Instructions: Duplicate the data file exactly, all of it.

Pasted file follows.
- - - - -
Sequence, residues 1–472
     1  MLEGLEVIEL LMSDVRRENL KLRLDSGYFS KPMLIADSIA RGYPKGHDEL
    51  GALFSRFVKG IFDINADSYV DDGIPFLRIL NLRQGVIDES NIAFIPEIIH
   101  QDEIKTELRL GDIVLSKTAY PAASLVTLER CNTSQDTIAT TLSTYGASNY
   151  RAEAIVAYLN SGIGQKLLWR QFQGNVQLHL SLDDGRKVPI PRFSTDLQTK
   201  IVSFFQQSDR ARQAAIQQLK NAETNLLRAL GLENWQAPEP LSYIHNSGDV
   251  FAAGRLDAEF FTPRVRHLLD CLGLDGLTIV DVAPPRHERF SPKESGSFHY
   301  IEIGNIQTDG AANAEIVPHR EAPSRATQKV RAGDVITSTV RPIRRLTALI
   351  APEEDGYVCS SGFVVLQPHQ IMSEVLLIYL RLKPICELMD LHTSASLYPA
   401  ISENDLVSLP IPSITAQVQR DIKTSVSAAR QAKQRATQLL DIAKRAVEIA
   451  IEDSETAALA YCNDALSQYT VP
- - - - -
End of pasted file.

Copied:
Sequence, residues 1–472
     1  MLEGLEVIEL LMSDVRRENL KLRLDSGYFS KPMLIADSIA RGYPKGHDEL
    51  GALFSRFVKG IFDINADSYV DDGIPFLRIL NLRQGVIDES NIAFIPEIIH
   101  QDEIKTELRL GDIVLSKTAY PAASLVTLER CNTSQDTIAT TLSTYGASNY
   151  RAEAIVAYLN SGIGQKLLWR QFQGNVQLHL SLDDGRKVPI PRFSTDLQTK
   201  IVSFFQQSDR ARQAAIQQLK NAETNLLRAL GLENWQAPEP LSYIHNSGDV
   251  FAAGRLDAEF FTPRVRHLLD CLGLDGLTIV DVAPPRHERF SPKESGSFHY
   301  IEIGNIQTDG AANAEIVPHR EAPSRATQKV RAGDVITSTV RPIRRLTALI
   351  APEEDGYVCS SGFVVLQPHQ IMSEVLLIYL RLKPICELMD LHTSASLYPA
   401  ISENDLVSLP IPSITAQVQR DIKTSVSAAR QAKQRATQLL DIAKRAVEIA
   451  IEDSETAALA YCNDALSQYT VP